I think your animosity is really misdirected. To say Radiohead has influenced a lot of bands on their own is a huge stretch. I suppose we should hunt down all the bands that influenced Radiohead and hate them too. Influence is an endless cycle. Everything comes from something. To say there are "a lot" of Radiohead-esque bands is pretty absurd. To say that Radiohead is responsible for influencing the new sound of independent music is ridiculous and shows a limited grasp on the variety of music that exists within independent music. Where do you get your music from? The radio? MTV?

This just doesn't happen anymore. It's not the 60s and 70s. There aren't a handful of bands that everyone copies and defines a generation. If you think thats the case, you should stop reading SPIN and Rolling Stone. The amount of music and the number of movements within the artform are far beyond the limited amount covered in mainstream industry sources.

I guess what I'm trying to say is, if you hate Radiohead, its your fault.

Anonymous said...

Before I had started listening to Radiohead, I would listen to mostly lo fi punk-derived indie rock. Then I heard Kid A. Kid A changed a lot for me. It didn’t sound punk or post-punk revivalist. I still love that album very much and it influenced my listening habits immensely,it brought me into the vast part of the underground that is not so much "punk" influenced. I now listen to experimental pop because of Kid A, stuff like Animal Collective, Sigur Ros, Gang Gang Dance, Boards of Canada. It showed me that music shouldn’t have limits, that it doesn’t have to sound “raw” or “loud” or “small” to get me emotionally. Music can use texture and sound to evoke the same kind of emotions.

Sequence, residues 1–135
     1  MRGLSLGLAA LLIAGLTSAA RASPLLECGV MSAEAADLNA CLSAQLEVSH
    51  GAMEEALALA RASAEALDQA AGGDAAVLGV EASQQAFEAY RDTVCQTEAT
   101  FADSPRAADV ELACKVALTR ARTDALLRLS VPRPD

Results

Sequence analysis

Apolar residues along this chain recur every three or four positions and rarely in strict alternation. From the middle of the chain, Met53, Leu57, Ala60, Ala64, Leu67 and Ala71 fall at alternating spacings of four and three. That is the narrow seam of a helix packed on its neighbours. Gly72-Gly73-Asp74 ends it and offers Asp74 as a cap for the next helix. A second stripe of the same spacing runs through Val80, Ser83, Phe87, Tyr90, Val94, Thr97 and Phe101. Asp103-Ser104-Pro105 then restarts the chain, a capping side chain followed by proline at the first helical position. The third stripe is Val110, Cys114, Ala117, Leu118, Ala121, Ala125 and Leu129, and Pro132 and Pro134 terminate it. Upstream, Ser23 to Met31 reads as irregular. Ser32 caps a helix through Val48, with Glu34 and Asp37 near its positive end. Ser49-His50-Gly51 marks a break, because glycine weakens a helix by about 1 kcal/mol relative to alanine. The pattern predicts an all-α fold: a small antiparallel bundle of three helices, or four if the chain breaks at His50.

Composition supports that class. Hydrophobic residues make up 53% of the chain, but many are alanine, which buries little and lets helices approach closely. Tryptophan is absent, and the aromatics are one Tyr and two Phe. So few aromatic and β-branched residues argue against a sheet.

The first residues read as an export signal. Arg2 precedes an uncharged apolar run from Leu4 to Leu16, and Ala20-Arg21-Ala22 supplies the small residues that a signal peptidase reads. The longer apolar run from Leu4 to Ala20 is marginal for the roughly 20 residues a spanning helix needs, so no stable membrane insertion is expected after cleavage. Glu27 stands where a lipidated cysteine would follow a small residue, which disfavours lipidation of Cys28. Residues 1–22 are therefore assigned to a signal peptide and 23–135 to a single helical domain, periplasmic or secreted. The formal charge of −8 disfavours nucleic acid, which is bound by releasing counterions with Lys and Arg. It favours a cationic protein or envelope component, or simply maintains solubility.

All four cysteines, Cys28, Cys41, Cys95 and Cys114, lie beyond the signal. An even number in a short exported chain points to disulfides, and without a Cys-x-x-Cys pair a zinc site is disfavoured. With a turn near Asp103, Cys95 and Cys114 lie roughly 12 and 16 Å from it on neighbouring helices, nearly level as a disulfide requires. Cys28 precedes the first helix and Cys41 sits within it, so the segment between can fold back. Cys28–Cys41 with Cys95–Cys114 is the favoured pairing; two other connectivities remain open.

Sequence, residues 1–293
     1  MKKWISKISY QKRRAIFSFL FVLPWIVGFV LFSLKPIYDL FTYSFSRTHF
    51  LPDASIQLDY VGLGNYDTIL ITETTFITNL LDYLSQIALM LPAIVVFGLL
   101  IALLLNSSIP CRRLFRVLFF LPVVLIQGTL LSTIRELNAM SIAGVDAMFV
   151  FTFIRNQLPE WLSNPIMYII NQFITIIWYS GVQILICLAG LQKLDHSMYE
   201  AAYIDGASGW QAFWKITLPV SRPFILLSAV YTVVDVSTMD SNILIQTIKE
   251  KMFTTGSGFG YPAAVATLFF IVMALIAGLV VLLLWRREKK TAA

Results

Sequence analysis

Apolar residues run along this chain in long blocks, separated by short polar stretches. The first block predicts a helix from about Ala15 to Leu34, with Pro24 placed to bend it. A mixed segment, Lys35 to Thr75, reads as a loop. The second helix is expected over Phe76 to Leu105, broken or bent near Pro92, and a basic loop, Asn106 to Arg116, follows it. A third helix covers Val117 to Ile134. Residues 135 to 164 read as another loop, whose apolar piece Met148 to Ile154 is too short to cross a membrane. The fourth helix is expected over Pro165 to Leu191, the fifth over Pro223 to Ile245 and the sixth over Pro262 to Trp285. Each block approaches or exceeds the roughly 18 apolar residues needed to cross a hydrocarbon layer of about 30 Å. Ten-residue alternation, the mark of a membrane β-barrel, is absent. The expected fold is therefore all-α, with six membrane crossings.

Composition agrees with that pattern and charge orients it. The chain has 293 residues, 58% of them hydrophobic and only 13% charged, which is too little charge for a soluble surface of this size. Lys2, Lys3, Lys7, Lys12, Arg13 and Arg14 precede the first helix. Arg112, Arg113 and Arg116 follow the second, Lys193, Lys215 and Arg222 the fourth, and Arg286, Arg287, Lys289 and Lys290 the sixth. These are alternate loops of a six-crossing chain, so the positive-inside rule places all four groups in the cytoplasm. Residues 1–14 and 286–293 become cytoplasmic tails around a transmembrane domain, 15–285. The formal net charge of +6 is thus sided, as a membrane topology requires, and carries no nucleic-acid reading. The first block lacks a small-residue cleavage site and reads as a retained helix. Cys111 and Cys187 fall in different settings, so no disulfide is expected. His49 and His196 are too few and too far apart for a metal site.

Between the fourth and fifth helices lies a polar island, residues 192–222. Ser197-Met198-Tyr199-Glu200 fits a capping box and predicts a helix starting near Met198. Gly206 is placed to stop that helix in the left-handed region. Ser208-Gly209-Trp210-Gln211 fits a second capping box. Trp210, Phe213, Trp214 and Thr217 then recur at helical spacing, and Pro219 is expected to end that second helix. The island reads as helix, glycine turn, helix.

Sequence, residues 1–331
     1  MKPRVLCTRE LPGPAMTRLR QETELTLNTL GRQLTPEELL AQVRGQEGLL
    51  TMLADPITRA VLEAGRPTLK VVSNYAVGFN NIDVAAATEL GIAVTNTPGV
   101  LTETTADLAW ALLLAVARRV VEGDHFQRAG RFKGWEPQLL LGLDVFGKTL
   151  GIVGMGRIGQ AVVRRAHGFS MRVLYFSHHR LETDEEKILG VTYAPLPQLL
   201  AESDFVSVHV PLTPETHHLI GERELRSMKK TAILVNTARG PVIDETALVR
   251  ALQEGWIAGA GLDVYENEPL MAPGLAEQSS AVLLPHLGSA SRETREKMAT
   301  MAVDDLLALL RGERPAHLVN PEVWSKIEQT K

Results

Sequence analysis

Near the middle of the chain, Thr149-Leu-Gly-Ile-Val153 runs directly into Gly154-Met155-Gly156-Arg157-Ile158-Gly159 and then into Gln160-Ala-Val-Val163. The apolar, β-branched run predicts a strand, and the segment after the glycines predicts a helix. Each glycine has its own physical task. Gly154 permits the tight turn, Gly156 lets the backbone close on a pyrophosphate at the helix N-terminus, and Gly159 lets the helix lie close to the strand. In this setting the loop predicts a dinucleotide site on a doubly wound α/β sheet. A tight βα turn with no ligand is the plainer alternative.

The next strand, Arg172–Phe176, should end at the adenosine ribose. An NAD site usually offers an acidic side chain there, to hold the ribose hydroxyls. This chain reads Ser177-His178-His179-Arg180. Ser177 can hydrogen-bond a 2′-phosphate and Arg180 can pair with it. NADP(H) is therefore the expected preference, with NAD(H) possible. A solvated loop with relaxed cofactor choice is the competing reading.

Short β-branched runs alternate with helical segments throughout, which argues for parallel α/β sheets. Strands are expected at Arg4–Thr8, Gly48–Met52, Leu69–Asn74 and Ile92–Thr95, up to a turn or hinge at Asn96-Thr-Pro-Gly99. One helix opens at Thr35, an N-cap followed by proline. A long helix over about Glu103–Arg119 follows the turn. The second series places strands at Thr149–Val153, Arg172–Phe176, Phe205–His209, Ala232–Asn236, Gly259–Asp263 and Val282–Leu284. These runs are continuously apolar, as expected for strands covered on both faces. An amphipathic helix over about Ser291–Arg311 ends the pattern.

“I think your animosity is really misdirected. To say Radiohead has influenced a lot of bands on their own is a huge stretch. I suppose we should hunt down all the bands that influenced Radiohead and hate them too. Influence is an endless cycle. Everything comes from something. To say there are "a lot" of Radiohead-esque bands is pretty absurd. To say that Radiohead is responsible for influencing the new sound of independent music is ridiculous and shows a limited grasp on the variety of music that exists within independent music. Where do you get your music from? The radio? MTV?

This just doesn't happen anymore. It's not the 60s and 70s. There aren't a handful of bands that everyone copies and defines a generation. If you think thats the case, you should stop reading SPIN and Rolling Stone. The amount of music and the number of movements within the artform are far beyond the limited amount covered in mainstream industry sources.”

I agree completely. If you look at the state of the full scope of underground music today, it’s pretty much all over the place in terms of sound. Dan Deacon does not sound like Grizzly Bear, The XX does not sound like Devendra Banhart, Caribou does not sound like Four Tet. I remember John Cale once saying something to the effect that Radiohead will probably not influence much people in terms of sound but more in the sense of not being afraid of doing your own thing and not being afraid of taking chances.